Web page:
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KOICA, UNFPA continue commitment to zero gender-based violence

by NDO/VNA15 July 2022 Last updated at 17:00 PM

At the ceremony to launch
At the ceremony to launch "Anh Duong House" to support survivors of gender-based violence in Da Nang. (Photo: VNA)

VTV.vn - The Korea International Cooperation Agency (KOICA) and the United Nations Population Fund (UNFPA) have pledged to undertake the follow-up activities of building a model in response to violence against women and girls in Vietnam.

Country Director of KOICA Vietnam Cho Han Deog and UNFPA Representative for Vietnam Naomi Kitahara signed a grant arrangement in Hanoi on July 15, under which KOICA will provide financial support of 250,000 USD to UNFPA.

The grant aims to ensure the sustainability of the innovative One Stop Service Centre model, which is commonly known as “Anh Duong House” in Vietnam. The House was first established in April 2020 through the KOICA-funded project “Building a model to respond to violence against women and girls in Vietnam,” for the period of 2017 – 2021 with a total budget of 2.5 million USD.

The grant arrangement covers a bridge phase through 2023, when a new and larger project is expected to be launched. It looks to continue supporting Anh Duong House and its hotline for victims of violence, and to organise outreach communication activities and advocacy efforts to sustain and replicate the model in other locations.

UNFPA will work in partnership with the Ministry of Labour, Invalid and Social Affairs and Quang Ninh province to implement the activities to ensure the continuous provision of integrated essential services for survivors of gender-based violence.

Speaking at the signing ceremony, Cho Han Deog said during his recent visit to Anh Duong House in Quang Ninh, he observed how the House has effectively provided support and helped vulnerable women and girls.

He said: “KOICA has decided to continue supporting Anh Duong House in Quang Ninh as it has made significant contributions to the efforts made by the Vietnamese Government and by the local authorities of Quang Ninh to address gender-based violence and domestic violence. We want this model to be replicated in other locations. At KOICA, we embrace a zero-tolerance culture that says NO to any forms of gender-based violence.”

Anh Duong House became fully operational in April 2020, providing a wide range of services such as health care, psychological support, counselling, social welfare services, emergency shelters, police protection, legal and justice services, and referrals for many gender-based violence survivors, not only in Quang Ninh but also in 20 cities and provinces throughout the country.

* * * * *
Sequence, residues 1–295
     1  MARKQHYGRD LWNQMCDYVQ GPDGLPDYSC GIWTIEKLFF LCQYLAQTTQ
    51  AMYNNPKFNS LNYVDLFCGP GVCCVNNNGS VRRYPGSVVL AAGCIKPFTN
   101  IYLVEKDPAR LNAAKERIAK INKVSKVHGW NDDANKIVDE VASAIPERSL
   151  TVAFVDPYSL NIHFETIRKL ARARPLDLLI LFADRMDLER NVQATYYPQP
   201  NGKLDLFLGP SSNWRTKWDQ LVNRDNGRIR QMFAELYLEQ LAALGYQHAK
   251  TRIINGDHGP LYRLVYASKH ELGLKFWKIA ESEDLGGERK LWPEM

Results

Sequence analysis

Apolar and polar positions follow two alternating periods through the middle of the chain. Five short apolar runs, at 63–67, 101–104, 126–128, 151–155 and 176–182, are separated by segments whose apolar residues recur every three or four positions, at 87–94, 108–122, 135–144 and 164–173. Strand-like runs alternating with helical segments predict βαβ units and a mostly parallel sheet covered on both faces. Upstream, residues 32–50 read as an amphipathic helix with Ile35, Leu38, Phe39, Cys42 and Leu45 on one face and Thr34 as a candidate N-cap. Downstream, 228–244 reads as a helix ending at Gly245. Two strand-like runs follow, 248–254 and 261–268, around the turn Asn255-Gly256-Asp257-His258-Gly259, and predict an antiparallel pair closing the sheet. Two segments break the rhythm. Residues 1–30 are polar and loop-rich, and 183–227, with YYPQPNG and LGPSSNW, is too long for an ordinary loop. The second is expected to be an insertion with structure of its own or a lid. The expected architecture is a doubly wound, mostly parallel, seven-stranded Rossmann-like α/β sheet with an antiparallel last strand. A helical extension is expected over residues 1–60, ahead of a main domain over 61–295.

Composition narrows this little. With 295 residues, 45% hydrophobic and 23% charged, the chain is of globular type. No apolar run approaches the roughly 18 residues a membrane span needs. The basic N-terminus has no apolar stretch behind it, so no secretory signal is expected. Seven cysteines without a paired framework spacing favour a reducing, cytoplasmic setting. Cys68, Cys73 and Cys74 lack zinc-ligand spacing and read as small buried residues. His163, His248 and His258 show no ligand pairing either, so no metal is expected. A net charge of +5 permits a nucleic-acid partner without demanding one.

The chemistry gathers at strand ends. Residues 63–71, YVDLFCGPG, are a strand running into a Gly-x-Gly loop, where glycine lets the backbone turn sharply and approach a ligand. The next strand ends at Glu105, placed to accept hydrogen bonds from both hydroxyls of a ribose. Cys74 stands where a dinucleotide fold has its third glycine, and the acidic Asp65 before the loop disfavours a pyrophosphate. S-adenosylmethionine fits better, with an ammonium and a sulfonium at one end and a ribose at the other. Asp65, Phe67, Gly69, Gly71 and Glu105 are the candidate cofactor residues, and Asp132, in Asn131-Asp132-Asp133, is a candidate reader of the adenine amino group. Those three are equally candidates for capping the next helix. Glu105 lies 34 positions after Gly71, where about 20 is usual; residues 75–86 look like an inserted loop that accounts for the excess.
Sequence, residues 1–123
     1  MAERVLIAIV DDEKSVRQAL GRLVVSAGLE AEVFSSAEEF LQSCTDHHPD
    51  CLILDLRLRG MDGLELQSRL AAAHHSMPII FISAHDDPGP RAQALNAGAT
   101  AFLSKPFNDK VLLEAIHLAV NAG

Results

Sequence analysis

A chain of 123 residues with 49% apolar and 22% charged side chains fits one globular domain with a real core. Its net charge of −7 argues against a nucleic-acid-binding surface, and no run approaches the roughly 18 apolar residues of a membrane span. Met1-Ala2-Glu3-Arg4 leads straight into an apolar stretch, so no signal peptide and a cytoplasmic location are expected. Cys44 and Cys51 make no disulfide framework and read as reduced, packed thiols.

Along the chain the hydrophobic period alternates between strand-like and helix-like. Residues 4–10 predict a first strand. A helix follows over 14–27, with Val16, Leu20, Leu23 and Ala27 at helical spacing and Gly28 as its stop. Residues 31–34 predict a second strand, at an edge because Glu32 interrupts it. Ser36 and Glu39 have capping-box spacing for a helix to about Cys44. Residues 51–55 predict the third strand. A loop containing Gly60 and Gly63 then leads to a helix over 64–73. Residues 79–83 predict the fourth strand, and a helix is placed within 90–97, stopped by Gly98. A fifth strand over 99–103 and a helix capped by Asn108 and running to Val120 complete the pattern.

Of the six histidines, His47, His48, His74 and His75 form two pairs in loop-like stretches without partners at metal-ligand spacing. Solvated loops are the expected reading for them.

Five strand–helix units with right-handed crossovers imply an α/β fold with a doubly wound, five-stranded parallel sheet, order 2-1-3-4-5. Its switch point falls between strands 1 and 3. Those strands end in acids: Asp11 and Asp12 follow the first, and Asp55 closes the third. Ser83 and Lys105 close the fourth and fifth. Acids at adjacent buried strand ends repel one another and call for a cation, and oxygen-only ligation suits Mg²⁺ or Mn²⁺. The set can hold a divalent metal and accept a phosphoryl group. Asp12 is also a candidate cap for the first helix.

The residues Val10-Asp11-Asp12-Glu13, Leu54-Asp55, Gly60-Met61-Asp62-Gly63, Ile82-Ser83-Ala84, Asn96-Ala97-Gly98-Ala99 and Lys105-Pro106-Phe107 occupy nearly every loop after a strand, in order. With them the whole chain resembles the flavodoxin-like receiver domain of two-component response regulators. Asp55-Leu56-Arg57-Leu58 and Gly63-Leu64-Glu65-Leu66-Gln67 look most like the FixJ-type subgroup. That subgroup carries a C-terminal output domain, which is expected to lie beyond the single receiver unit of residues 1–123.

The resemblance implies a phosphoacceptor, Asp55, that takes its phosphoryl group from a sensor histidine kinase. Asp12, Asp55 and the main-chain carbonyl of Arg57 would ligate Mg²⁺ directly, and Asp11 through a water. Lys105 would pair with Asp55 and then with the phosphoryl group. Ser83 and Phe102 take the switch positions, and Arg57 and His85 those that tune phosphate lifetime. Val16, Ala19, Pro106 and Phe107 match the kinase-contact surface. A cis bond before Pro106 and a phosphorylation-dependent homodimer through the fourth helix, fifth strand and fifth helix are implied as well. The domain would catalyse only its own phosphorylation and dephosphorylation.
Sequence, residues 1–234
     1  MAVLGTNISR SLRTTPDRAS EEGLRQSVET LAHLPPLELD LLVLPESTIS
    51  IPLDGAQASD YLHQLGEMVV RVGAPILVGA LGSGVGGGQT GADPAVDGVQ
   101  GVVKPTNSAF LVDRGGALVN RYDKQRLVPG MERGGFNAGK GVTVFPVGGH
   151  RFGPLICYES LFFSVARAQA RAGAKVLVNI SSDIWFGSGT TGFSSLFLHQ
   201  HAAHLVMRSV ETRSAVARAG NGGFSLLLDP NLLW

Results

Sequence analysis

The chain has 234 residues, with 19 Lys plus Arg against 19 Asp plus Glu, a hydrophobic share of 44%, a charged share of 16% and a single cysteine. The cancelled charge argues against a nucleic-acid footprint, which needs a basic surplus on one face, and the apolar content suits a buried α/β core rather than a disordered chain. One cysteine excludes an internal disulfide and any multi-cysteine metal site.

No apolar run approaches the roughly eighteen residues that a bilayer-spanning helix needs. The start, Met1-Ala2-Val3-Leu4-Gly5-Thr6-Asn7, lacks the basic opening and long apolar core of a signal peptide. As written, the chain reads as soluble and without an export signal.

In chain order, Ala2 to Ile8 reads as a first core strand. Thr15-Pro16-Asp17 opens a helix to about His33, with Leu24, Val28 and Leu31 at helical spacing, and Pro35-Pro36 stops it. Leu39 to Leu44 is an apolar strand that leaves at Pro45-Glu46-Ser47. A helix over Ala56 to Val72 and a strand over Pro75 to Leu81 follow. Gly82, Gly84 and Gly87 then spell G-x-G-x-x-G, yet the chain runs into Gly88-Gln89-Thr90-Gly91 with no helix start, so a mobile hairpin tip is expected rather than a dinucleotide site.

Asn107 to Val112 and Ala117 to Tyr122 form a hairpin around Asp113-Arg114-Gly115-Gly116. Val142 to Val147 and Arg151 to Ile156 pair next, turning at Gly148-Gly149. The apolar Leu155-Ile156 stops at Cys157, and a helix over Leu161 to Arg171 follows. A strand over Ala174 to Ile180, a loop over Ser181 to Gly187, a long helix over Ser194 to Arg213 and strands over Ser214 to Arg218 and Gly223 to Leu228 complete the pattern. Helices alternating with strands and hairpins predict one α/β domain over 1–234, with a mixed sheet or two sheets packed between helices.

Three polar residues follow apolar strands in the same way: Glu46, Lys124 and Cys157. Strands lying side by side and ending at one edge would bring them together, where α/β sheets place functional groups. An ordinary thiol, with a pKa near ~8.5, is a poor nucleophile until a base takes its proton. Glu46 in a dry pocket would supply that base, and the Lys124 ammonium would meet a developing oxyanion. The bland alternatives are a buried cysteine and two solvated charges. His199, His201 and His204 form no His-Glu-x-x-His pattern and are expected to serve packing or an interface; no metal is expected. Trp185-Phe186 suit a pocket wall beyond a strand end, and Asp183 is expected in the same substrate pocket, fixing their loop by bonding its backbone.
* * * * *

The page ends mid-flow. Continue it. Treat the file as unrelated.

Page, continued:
Anh Duong House’s hotline service, which is available 24/7, has so far received more than 15,300 calls in two years. Most survivors of violence who have called the hotline are female (accounting for 93.6%), and most gender-based violence survivors are aged 16–59. Minors under the age of 16 account for 10% of calls. About 20% of calls came from Quang Ninh province and 80% from other provinces.

In addition, nearly 500 service providers from police, justice, health, and social work from both provincial and grassroots levels in Quang Ninh, received training for the provision of essential services for gender-based violence survivors. With technical support from UNFPA, Anh Duong House has been duplicated in Thanh Hoa, Ho Chi Minh City and Da Nang.

In her remarks at the signing event, Naomi Kitahara said UNFPA will make sure that the funds from KOICA will be used effectively. UNFPA will continue to work closely with Vietnamese partners to implement the bridge-phase activities of the project at the national level and in Quang Ninh province.

She added that zero-based violence and harmful practices is one of the three main pillars in the new UNFPA Strategic Plan for 2022-2025, and a clear priority for the UNFPA Vietnam’s new country programme 2022-2026.

“UNFPA will scale up efforts to end gender-based violence and harmful practices in Vietnam,” she said.

Gender-based violence is a manifestation of gender inequality which is deeply rooted in Vietnam. According to the 2019 national study on violence against women, nearly two in three women aged 15 – 64 experienced at least one form of physical, sexual, psychological and/or economic violence in their life time. Gender-based violence is very much hidden in society, when more than 90 percent did not seek any help from public services, and half of the women who experienced violence told no one about it. It is costing Vietnam 1.81 percent of GDP, which is significant.

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